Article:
Blog

> Blog
Cancer: The Size of Your Poop Matters
Author: Dawn Flemming
October 22nd, 2017

The bigger size and more frequent your bowel movements are, the less likely you are to developing colon cancer.

By Dawn Flemming

The bigger and more frequent you’re your stools are, the less chances you have of developing colorectal cancer. Colon cancer rates go up dramatically when the average daily stool drops below half a pound. People who have stools that are a quarter pound in weight have three times the rate of cancer. Now you’re probably not going to weigh your poop but there is a simpler way. Just try weighing yourself before your bowel movement and after and you will see a difference.

The connection between the weight of your stool and cancer is due to its transit time. The larger and more frequent your stools, the less transit time there is. As such, the longer your stool stays in your colon, the more toxic its environment becomes and the higher chance of you developing cancer.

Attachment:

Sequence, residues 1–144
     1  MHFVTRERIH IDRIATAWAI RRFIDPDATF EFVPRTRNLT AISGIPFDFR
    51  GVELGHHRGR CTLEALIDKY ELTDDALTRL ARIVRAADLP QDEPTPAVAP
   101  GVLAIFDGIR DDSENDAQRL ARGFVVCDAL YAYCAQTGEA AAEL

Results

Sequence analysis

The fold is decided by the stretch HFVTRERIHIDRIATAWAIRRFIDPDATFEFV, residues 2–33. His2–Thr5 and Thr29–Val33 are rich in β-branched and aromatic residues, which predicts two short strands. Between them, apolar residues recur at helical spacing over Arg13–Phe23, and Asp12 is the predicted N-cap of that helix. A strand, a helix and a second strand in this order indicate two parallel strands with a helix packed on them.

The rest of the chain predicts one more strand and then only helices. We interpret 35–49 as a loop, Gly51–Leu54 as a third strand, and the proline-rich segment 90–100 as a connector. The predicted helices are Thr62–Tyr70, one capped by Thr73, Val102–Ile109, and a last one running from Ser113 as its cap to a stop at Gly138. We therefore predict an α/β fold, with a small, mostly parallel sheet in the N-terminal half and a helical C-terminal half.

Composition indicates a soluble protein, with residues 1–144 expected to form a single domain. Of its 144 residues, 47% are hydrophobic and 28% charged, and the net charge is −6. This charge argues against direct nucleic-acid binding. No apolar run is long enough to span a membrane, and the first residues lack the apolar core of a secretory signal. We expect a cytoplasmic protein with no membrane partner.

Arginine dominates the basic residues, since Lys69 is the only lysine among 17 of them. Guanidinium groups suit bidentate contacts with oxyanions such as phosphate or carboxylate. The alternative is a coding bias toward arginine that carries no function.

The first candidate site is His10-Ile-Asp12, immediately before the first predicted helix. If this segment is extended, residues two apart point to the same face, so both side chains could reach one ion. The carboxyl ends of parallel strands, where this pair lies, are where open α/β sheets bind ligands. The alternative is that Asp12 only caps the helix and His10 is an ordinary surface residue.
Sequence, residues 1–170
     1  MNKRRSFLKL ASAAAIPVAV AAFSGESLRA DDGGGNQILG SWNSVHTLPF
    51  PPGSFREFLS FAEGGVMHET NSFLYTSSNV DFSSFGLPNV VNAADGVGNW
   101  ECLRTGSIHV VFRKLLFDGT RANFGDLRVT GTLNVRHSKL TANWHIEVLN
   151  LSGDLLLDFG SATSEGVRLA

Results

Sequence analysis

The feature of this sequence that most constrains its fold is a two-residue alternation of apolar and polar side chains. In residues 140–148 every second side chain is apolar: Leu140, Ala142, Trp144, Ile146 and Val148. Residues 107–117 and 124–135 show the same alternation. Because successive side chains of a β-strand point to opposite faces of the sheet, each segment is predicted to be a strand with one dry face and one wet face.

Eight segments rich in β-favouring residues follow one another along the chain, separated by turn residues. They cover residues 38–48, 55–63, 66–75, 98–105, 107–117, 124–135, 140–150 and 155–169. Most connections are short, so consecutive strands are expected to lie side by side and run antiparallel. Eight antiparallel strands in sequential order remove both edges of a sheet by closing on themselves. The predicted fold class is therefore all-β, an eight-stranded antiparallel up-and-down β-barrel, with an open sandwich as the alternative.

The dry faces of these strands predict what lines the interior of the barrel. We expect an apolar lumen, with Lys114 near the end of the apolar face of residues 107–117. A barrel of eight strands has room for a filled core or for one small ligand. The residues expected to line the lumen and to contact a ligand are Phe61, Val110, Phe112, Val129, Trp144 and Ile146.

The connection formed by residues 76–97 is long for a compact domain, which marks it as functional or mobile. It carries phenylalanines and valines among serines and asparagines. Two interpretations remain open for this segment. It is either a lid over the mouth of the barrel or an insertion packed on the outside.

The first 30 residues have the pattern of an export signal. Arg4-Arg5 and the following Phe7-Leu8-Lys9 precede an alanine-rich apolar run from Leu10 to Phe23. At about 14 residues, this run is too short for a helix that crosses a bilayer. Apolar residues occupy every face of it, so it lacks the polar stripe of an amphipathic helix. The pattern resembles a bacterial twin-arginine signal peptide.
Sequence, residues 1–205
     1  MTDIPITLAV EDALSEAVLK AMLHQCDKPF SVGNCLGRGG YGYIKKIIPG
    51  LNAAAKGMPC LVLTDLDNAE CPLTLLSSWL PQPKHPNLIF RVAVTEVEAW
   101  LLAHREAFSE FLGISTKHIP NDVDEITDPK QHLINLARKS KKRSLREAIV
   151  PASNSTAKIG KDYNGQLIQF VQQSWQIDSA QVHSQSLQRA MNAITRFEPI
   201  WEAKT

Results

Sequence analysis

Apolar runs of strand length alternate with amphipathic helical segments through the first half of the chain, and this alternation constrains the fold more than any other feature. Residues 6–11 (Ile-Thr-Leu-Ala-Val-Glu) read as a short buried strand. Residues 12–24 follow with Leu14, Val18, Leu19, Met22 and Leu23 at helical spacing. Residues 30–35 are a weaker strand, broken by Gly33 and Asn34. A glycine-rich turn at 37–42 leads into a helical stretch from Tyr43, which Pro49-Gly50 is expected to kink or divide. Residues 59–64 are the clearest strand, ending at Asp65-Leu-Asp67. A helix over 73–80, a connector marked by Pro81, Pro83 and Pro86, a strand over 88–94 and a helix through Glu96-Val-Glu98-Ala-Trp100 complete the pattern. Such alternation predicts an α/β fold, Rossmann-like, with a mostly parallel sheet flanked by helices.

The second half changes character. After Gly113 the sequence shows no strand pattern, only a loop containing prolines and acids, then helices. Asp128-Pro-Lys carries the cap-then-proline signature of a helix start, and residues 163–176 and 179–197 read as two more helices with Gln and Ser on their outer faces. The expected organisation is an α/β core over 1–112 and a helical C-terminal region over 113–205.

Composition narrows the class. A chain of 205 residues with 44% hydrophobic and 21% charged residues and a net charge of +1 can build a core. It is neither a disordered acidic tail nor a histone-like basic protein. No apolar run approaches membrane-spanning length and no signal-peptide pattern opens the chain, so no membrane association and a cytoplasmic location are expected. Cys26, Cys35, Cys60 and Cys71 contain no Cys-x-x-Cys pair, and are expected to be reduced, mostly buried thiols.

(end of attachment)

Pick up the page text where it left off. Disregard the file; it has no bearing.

Now how long and how large your stools are depends on your diet. Plant-based diets have shorter transit times whereas conventional diets with meat and dairy can take up to a week to transit as opposed to 1-2 days for plant-based ones. So even if your having bowel movements every day, it is possible that your present stool is from what you ate a week ago hence meaning that you are effectively constipated.

Constipation is the most frequent GI complaint in America. Constipation is often the result of a lack of fiber which is only found in plant-based foods. Fiber is important as it soaks up toxic elements in your colon and excretes them. The more plants you eat, the more fiber you get and the quicker you get rid of the toxicity in your GI tract. People who have strict plant-based diets are three times more likely to have daily bowed movements as opposed to those who are do not follow them.

Dawn Flemming is Director of Business Services at Geriatric In-Home Care in Fresno, California.

Leave A Comment Your email address will not be published. Required fields are marked *

Comments
You may use these HTML tags and attributes: <a href="" title=""> <abbr title=""> <acronym title=""> <b> <blockquote cite=""> <cite> <code> <del datetime=""> <em> <i> <q cite=""> <strike> <strong>

thirteen − four =